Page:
6. Be a Roadie: Only do this when the band is playing in town. Help them load gear into the club. This gets you off the hook for working the merch table later that night. Suggest to other band members that someone else's girlfriend or wife or the best friend of the band should work the merch table.
7. Be supportive of their touring: Touring gets them out of your basement for weeks at a time. It allows you to have quiet time at home. It allows you to have the car all to yourself. A word to the wise: No matter how cool it may seem, do not go on tour with the band. No one likes a Yoko (with apologies to the Ono-Lennon family and progeny - tell me that kid is not in therapy!). If you desperately want to see them on tour, plan to meet up with them in a big city for one gig, but you should not be expecting the band to feed you or to drag your ass around. Get your own accommodations and transportation. *ahem*
8. Believe in his talent: Hopefully he's got some talent. If he sings like that guy from American Idol, you know which one I mean (Oh baby, she moves!), then you are only doing him a favour and saving yourself from a lifetime of headaches by telling him to get a day job. On the other hand, if you are there for him when he can't write a note, much less a jingle to save his life or pay the mortgage, then he'll be there for you when you decide to leave the job with dental and medical. Standard husband and wife rules apply to musical families too.
Ok, so, he's a musician and he might not remember to put the toilet seat down, he might not be proactive with housework, and he might even be cultivating the current indy musician look (read - hasn't had haircut in months and has questionable fashion sense), but he's your partner. For life. For better or worse. And if you're nice to him and do ok at mastering 1 thru 8 then maybe he will write a song about you (sans your name) but he'll definitely put your name in the liner notes. If you're really lucky, you'll live happily ever after... with a soundtrack.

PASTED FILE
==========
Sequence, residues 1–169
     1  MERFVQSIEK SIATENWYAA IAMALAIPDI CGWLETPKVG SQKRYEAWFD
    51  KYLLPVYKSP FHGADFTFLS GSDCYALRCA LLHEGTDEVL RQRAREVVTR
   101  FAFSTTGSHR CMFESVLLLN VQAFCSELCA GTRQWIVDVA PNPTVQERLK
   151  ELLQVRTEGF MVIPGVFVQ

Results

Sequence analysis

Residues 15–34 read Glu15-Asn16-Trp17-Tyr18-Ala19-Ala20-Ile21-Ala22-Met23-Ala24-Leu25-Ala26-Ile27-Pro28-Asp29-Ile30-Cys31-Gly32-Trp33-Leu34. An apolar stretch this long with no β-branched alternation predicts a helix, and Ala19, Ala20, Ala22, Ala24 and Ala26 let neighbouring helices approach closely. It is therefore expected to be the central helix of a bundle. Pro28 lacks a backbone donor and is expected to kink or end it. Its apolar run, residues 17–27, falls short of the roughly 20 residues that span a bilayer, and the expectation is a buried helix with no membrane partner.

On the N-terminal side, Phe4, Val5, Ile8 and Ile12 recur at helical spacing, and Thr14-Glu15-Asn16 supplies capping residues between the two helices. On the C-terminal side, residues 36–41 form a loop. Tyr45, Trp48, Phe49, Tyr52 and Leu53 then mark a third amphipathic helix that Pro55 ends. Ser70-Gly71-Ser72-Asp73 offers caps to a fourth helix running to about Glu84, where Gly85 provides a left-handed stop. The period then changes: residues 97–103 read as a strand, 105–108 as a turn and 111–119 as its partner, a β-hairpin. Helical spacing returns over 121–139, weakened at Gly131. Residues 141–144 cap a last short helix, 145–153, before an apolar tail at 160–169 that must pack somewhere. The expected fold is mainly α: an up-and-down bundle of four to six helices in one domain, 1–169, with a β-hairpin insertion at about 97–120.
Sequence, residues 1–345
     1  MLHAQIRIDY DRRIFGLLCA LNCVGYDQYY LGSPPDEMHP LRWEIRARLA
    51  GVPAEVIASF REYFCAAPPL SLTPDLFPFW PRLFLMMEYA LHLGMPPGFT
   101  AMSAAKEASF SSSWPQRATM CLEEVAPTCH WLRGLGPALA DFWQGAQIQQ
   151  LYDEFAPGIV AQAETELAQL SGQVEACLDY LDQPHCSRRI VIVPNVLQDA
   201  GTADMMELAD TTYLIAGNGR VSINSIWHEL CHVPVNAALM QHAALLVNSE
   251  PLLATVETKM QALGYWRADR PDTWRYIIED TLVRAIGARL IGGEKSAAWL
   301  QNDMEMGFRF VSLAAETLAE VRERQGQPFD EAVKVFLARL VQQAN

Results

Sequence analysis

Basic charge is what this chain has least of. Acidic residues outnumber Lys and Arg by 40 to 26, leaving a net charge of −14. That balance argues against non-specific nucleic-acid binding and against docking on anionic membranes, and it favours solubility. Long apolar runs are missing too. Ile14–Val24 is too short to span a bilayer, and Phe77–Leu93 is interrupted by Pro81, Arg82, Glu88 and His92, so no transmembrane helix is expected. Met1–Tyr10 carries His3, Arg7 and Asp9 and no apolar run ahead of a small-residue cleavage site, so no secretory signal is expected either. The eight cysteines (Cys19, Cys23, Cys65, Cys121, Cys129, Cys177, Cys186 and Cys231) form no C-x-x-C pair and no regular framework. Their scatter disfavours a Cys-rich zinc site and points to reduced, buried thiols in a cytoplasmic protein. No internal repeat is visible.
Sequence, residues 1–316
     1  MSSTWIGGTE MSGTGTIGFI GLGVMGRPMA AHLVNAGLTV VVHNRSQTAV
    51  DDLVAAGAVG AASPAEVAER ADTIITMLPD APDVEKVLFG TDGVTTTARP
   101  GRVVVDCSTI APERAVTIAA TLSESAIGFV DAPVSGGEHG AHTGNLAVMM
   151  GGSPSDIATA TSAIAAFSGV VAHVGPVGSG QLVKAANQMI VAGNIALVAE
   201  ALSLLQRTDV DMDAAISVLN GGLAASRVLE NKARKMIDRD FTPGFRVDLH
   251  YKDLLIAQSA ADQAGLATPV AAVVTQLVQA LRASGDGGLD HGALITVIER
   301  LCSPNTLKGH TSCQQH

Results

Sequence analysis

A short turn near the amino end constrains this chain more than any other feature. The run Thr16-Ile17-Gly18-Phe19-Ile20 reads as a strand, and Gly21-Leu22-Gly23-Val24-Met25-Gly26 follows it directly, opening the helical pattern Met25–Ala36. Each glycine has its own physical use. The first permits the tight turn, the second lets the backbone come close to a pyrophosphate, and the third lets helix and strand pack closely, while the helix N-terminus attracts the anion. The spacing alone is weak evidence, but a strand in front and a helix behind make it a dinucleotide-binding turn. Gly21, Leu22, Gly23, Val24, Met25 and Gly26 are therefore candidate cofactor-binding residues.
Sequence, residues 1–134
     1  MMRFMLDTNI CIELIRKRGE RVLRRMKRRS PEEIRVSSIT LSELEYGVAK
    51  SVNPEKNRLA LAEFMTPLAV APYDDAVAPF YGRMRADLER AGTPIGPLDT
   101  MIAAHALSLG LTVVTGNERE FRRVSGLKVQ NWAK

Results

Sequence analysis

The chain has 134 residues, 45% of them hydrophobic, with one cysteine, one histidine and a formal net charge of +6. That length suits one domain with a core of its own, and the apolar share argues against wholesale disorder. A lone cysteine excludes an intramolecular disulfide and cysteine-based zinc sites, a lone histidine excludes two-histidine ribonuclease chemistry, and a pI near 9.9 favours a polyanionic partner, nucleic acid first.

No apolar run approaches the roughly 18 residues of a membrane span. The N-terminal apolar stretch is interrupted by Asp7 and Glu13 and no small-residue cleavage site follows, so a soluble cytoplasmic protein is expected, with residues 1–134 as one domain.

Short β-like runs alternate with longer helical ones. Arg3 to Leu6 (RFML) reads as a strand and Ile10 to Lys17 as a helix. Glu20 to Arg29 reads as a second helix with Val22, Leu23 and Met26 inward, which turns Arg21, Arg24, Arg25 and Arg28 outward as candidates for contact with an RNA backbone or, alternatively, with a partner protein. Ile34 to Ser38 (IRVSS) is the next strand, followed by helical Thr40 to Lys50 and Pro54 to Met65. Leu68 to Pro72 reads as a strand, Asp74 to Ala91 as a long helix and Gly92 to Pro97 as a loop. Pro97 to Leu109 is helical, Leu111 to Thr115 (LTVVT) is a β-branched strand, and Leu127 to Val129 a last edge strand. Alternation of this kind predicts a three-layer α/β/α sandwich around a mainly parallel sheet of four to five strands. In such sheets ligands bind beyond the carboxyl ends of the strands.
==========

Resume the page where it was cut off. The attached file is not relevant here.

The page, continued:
1. "No one likes a Yoko"!!!! Heeheeheeh......So I take it your guy doesn't look like Mr. H? Laughing again!!!

  2. Hi Steph! You should include a link to your guy's band for those of us who like indie AND knitting.

  3. Anonymous10:33 a.m.

    Snork. I am a bad musicians wife. One night (after I had defended my then boyfriend from skanks, thanks for the firehose tip) I was carrying a stupidly heavy amp up the stairs of a club to the van. (Which I was going to drive). The bass player was walking behind me and said "Hey Steph, what do you call a musicians girlfriend?" I looked at him, (God I love "Musicians girlfriend" jokes) and said "I dunno dude. What do you call a musicians girlfriend". He looked at me, smiled, and said
    I put down the amp.


  4. I can check off many of those, but, in its current incarnation, the band is not playing out. When it has, I have gone. I used to attend practice regularly (someone else provides the basement), now I stay put and ask how it went when he gets home, commiserating when necessary.

  5. losmills4:40 p.m.

    I'm not a muscician's partner. I just loved your post. It really brightened my morning.

  6. First visit to your blog. It was sent to me because I'm a musician's wife. Great list!

  7. Anonymous11:19 a.m.

    Remind me to buy the band wives drinks next time I go to a show.


  8. wow steph you are becoming so cool and I am becoming so tired.... good thing i don't have abnd husband. Nexy someone should do some rules for being a film husband... AHEM.... I know he won't see this - actually I should make the rules and put them on the fridge for him to see...